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Med Phys. 2010 Jun;37(6):2918-24.

The Italian affair: the employment of parallel-plate ionization chambers for dose measurements in high dose-per-pulse IORT electron beams.

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  • 1Institute of Biostructures and Bioimages, National Council of Research (CNR), via S. Pansini 5, Naples 80131, Italy. laura.cella@cnr.it

Abstract

PURPOSE:

At the high dose-per-pulse rates used by some intraoperative radiotherapy (IORT) units, the employment of ionization chambers for dose measurements needs an appropriate correction (k(sat)) for ion recombination. Through a revision of the existing literature, the authors compared different methods for the determination of the recombination correction factor and their impact on clinical dosimetry.

METHODS:

A dosimetric characterization of IORT electron beams from a Linac Hitesys Novac7 (Aprilia-Latina, Italy) was performed. Dose-to-water (D(w)) values were measured with dose-per-pulse independent chemical dosimeters (operated by the Italian Primary Standard Dosimetry Laboratory, ENEA) and compared to doses obtained by two different parallel-plate ionization chamber models (Markus and Advanced Markus, PTW, Freiburg, Germany). For dose measurements using ionization chambers, the authors applied two different methods for the determination of the ion recombination correction factor (k(sat)), as suggested in previous articles. The first method is based on the experimental estimation of the free-electron fraction values p; the second one is based on the "nonstandard" two-voltage analysis including the free-electron component.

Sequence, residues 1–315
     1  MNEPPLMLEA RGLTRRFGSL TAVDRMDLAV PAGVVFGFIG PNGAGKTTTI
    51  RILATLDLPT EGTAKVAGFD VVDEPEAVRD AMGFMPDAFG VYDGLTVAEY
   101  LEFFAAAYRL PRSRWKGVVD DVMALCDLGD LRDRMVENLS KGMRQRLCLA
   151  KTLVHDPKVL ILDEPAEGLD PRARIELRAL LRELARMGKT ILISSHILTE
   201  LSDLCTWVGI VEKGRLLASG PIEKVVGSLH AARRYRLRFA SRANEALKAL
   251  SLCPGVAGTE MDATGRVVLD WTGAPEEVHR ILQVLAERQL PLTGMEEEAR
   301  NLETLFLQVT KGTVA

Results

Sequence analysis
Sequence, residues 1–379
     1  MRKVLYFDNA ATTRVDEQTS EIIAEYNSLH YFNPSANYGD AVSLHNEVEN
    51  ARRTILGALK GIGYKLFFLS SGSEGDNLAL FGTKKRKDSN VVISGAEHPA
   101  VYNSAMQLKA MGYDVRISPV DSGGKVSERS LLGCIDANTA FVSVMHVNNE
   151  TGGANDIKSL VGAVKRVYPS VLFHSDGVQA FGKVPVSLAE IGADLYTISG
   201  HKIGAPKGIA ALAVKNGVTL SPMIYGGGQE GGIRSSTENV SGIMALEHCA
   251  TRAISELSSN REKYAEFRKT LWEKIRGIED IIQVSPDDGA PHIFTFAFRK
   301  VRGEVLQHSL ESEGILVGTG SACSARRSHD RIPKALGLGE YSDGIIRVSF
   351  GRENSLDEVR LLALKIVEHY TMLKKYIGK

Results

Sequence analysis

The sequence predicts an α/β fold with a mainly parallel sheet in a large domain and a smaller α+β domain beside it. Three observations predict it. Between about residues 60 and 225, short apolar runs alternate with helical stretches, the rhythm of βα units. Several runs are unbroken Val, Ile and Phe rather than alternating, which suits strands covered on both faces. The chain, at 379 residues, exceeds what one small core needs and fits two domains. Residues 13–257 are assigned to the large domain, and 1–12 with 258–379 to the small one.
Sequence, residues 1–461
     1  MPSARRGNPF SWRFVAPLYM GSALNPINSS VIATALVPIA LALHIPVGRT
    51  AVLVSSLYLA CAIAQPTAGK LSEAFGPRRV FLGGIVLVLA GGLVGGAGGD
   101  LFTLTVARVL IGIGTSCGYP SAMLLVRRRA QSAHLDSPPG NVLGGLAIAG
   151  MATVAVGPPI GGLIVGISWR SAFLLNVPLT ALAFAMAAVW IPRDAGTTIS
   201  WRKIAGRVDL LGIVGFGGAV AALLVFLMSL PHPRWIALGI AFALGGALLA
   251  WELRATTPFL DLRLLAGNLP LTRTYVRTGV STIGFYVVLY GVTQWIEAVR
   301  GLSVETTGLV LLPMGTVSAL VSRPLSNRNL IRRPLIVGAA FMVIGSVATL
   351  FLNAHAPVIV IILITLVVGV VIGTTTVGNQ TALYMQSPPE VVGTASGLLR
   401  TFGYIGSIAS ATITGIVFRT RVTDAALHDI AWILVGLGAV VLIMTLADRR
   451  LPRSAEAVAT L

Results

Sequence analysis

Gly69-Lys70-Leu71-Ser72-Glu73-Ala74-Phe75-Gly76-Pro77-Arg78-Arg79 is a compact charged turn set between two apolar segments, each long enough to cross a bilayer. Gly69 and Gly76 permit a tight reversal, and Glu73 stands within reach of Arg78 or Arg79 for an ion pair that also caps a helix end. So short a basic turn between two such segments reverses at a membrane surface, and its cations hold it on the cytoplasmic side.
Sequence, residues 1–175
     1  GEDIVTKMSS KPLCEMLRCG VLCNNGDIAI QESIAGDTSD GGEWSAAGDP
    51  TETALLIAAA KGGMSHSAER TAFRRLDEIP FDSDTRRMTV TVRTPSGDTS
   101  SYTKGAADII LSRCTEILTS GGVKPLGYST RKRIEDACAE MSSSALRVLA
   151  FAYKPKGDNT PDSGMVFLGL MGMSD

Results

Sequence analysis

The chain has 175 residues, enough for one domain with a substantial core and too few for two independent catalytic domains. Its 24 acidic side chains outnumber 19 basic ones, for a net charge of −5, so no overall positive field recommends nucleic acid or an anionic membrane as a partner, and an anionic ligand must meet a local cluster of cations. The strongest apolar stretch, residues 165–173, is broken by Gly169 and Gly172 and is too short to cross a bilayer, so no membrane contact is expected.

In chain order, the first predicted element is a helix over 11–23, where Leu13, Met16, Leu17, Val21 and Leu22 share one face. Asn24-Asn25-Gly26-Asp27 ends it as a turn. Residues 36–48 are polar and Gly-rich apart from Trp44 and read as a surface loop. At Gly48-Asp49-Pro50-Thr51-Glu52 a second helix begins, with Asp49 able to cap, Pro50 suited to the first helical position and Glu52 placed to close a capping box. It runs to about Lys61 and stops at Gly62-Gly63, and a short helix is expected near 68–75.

RESULTS:

For a Markus type chamber, there is a good agreement between the results on k(sat) and those reported in the literature for both methods, while for the Advanced Markus chamber, no data are available for comparison.

CONCLUSIONS:

Comparing values of D(w) obtained by dose-per-pulse independent dosimeters and by ionization chambers measurements corrected using the two different approaches, the authors can conclude that the k(sat) factor determination is very critical and that only an experimental protocol using ionization chamber intercalibration can be considered reliable.

[PubMed - indexed for MEDLINE]
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